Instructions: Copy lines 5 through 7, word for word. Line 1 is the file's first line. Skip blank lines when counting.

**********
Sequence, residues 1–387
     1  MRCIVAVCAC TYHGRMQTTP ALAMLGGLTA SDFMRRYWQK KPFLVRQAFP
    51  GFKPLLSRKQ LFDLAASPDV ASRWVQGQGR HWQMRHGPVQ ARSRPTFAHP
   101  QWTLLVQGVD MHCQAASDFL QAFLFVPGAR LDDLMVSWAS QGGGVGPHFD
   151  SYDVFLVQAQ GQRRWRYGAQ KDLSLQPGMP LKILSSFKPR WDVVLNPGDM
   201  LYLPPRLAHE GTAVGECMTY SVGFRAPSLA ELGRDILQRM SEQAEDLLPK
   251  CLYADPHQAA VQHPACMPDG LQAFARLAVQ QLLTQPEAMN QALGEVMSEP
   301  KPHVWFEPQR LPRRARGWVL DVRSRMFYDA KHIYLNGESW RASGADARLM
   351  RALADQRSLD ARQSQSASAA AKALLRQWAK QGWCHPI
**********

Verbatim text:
   151  SYDVFLVQAQ GQRRWRYGAQ KDLSLQPGMP LKILSSFKPR WDVVLNPGDM
   201  LYLPPRLAHE GTAVGECMTY SVGFRAPSLA ELGRDILQRM SEQAEDLLPK
   251  CLYADPHQAA VQHPACMPDG LQAFARLAVQ QLLTQPEAMN QALGEVMSEP